0

I am wondering whether there are out there online English dictionaries which group words with identical roots together to simplify learning.

For example when I learn verb "subdue" it would be great to know immediately that the related noun is "subdual", and probably there is an adjective which I do not know yet.

Cambridge Dictionary does list related words together (e.g. in the case of sardonic it also let me know about sardonically) but not in all cases (e.g. in the case of purpose no mention of purposive can be found).

5
  • 1
    Many dictionaries will give related words, but none gives all related words. A word like purposive is not in general use; it is used in philosophical and legal discourse and in other academic contexts. For that reason you're not likely to find it among the related words for the purpose entry. But if you understand what the suffix ive does, and you understand what the word purpose means, you would probably be able to deduce the meaning of the word purposive upon encountering it. Jan 4 '18 at 12:29
  • What @Tᴚoɯɐuo said. Moreover, the more common related word for purpose would be purposeful. But it's very difficult to list all related words. For example, using purpose, we could have purposes, unpurposeful, unpurposefully, etc. But some of those are in such limited use dictionaries don't bother to list them.
    – J.R.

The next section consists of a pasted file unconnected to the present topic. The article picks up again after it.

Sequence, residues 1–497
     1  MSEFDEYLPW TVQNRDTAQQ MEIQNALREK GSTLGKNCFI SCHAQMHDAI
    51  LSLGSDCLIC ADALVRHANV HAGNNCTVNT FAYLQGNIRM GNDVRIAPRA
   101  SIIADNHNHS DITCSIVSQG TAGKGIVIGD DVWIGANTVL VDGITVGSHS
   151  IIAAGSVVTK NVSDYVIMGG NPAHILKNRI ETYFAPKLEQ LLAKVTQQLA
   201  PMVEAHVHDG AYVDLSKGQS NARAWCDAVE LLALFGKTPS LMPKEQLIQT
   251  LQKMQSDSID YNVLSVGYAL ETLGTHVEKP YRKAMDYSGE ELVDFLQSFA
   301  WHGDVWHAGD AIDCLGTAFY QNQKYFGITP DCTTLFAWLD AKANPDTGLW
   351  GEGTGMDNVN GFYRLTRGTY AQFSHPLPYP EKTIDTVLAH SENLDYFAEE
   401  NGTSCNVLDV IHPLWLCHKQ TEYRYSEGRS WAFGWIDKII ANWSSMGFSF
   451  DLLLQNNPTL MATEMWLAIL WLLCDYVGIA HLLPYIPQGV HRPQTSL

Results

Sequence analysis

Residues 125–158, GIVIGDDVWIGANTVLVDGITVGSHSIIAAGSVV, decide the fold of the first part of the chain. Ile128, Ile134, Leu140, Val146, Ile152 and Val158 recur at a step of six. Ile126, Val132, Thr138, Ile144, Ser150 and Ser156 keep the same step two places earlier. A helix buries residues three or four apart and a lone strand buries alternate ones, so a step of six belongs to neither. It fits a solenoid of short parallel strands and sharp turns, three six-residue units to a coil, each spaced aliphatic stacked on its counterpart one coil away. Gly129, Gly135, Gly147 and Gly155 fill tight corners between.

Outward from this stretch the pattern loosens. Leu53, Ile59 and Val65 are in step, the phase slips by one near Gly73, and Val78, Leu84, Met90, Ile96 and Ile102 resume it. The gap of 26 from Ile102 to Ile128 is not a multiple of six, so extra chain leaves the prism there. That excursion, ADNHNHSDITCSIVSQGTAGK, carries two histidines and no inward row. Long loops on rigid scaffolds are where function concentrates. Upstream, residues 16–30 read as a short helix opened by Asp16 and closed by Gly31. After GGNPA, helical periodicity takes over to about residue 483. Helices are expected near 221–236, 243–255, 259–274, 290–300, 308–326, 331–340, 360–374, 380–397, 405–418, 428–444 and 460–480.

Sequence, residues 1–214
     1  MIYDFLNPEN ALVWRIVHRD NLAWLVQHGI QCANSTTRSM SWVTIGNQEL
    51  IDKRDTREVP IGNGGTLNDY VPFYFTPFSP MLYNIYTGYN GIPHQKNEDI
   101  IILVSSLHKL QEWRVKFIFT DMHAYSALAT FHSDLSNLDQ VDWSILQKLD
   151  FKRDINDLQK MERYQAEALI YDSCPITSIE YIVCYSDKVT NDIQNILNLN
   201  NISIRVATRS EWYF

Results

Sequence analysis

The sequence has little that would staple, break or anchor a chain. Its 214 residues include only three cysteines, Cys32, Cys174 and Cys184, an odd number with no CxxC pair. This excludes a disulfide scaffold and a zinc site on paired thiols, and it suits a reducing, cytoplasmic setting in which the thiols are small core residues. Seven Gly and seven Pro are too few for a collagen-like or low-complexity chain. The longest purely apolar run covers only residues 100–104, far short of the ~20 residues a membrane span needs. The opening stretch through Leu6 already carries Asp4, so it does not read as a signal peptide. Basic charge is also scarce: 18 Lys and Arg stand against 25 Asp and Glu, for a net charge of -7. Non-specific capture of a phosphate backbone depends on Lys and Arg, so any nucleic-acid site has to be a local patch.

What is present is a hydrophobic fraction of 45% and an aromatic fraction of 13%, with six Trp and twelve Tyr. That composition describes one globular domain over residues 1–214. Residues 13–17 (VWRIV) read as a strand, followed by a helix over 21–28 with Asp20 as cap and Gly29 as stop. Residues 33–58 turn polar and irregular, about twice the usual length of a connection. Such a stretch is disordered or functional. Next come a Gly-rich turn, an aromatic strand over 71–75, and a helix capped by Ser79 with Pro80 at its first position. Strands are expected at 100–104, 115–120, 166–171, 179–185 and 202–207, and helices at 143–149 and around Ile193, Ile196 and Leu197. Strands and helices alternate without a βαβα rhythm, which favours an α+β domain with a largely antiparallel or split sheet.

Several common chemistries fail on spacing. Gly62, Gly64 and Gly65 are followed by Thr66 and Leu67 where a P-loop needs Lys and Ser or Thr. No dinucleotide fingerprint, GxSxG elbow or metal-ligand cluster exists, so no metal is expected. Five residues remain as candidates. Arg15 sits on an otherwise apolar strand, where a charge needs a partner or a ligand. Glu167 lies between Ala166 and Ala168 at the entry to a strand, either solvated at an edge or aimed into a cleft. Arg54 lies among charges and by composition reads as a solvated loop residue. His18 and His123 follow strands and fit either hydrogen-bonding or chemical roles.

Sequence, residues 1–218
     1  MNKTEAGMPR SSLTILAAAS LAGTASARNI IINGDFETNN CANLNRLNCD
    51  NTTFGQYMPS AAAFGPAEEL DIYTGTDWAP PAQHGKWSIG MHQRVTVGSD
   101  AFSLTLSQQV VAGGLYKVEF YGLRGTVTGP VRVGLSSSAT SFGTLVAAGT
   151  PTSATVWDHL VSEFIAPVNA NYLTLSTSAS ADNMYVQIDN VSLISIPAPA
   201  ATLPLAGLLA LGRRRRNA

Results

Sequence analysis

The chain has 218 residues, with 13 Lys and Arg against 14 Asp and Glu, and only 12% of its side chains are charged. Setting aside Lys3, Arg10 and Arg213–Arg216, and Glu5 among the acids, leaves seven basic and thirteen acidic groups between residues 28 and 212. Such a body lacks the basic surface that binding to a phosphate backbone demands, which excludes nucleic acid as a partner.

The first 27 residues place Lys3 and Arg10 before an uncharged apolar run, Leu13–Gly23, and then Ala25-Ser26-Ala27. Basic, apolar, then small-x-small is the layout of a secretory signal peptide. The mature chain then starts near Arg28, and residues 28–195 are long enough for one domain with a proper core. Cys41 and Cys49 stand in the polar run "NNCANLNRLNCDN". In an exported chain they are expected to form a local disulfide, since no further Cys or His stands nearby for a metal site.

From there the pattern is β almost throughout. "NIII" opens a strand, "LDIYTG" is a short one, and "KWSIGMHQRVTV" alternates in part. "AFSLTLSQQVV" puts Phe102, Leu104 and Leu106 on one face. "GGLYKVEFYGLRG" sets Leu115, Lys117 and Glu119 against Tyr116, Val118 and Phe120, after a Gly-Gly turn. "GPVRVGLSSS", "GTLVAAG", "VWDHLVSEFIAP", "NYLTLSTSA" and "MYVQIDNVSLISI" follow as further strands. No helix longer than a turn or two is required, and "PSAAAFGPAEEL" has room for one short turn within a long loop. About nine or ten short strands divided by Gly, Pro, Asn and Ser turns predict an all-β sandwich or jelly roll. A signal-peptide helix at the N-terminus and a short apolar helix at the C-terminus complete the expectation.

Jan 4 '18 at 15:22
  • Isn't this called "derivative thesaurus"?
    – drabsv
    Jul 16 '18 at 14:47
  • @drabsv Are you aware of any online or offline ones? Jul 17 '18 at 13:52
  • @ Sergey Zykov I think sequencepublishing.com/thesage/thesage.html ?
    – drabsv
    Jul 18 '18 at 10:51
2

You could try the wildcard feature on OneLook.

Typing *purpose* into OneLook's main window yields 13 common word results, but when you change the filter include all words and phrases, you'll find there are hundreds. (Even though most of these are phrases, it still underscores the impracticality of listing all variants beneath each word in a dictionary – particularly a print dictionary.)

But even OneLook's lengthy compendium is imcomplete; words can be coined as needed. I leave you this quote:

I describe a literary field organized around purposeful novels, she describes a literary field organized around didactic poetry. In both of our accounts, the literary field is profoundly altered at century's end — by what I call antipurposeful aestheticism and protomodernism and what Loeffelholz calls antididactic aestheticism. (Source)

It's better to learn how prefixes and suffixes work than to try to study a particular word's valid forms.

Your Answer

By clicking “Post Your Answer”, you agree to our terms of service, privacy policy and cookie policy

Not the answer you're looking for? Browse other questions tagged or ask your own question.